Scorpion Stings

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Scorpion Stings

Topic Overview

Scorpions, found mostly in the western and especially the southwestern United States, are up to 7.6 cm (3 in.) in length. They have eight legs and a pair of crablike pincers. The stinger, which injects venom, is located at the end of a narrow tail that curves around and over the back of the scorpion's body.

See a picture of a scorpion.

Although some scorpions are not poisonous, others have venom strong enough to kill a person. Some scorpions are found in cool, damp places, such as basements, junk piles, and wood piles. Other scorpions are found in desert areas. Symptoms of a scorpion sting may include:

  • Intense immediate pain lasting from minutes to 24 hours.
  • Swelling, itching, and a change in skin colour.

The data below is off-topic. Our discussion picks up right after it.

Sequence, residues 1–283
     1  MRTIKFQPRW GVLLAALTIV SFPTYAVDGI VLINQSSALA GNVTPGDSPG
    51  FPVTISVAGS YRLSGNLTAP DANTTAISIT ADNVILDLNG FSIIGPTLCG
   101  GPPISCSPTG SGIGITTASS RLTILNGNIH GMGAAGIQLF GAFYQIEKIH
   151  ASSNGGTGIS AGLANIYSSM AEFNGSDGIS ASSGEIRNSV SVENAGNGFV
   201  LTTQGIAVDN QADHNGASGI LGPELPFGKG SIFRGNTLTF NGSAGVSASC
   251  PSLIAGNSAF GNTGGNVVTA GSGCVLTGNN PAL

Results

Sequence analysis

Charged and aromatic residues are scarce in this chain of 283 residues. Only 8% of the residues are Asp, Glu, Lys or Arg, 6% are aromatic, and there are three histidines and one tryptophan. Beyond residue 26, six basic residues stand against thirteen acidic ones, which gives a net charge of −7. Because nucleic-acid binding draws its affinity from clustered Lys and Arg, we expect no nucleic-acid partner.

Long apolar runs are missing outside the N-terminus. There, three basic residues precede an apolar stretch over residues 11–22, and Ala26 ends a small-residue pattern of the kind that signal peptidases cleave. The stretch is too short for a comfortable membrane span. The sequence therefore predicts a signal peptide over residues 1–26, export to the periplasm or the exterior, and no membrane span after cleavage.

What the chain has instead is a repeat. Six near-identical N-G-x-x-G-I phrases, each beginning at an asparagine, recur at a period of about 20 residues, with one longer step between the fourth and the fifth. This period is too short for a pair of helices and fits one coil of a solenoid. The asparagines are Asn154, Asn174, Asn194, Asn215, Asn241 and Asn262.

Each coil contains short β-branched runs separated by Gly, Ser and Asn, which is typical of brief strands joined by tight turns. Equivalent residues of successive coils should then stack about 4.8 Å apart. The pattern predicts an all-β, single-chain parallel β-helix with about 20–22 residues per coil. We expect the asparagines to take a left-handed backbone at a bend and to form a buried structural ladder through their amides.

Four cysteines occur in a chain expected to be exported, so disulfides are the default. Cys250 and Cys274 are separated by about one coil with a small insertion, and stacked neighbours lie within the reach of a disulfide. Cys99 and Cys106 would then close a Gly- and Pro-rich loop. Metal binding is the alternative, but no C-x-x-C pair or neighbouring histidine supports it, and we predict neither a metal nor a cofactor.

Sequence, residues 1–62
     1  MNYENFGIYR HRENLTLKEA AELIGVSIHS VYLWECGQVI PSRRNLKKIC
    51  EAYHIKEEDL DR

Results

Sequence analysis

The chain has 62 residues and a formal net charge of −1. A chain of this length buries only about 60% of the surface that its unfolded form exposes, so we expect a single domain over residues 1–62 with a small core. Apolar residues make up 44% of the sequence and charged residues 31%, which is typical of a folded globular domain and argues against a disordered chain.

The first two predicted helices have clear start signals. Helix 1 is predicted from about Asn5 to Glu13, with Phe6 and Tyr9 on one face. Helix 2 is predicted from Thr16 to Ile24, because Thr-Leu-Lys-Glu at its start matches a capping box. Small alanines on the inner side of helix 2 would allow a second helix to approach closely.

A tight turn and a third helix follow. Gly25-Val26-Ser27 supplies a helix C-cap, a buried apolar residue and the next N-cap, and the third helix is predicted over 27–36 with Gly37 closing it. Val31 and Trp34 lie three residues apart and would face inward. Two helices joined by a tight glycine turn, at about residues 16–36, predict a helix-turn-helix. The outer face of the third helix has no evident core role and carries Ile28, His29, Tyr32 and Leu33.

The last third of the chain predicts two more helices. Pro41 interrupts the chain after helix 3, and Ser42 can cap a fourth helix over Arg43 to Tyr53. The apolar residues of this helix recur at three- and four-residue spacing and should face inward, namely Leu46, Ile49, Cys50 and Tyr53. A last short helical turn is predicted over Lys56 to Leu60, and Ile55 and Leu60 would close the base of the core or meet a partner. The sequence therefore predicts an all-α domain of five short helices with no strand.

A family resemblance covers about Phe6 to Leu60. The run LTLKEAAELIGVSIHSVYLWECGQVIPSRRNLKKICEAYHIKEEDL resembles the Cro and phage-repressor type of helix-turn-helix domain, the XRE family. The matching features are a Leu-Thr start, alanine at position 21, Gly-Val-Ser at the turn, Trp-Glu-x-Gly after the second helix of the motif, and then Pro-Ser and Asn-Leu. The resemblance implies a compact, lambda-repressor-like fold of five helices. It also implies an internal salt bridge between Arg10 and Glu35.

• Nausea and vomiting.
  • Anxiety, drowsiness, and fainting.
  • Increased saliva, tears, and sweat.
  • Numbness of the tongue.
  • Vision problems.
  • Diarrhea or inability to control bowels.
  • Swollen glands.

If you have been stung by a scorpion, contact a health professional immediately. Medicine (antivenom) may be needed to counteract the effects of the scorpion sting.

Credits

By Healthwise Staff
Primary Medical Reviewer Martin J. Gabica, MD, MD - Family Medicine
Specialist Medical Reviewer Sean P. Bush, MD, FACEP - Emergency Medicine, Envenomation Specialist
Specialist Medical Reviewer H. Michael O'Connor, MD - Emergency Medicine
Last Revised February 26, 2010

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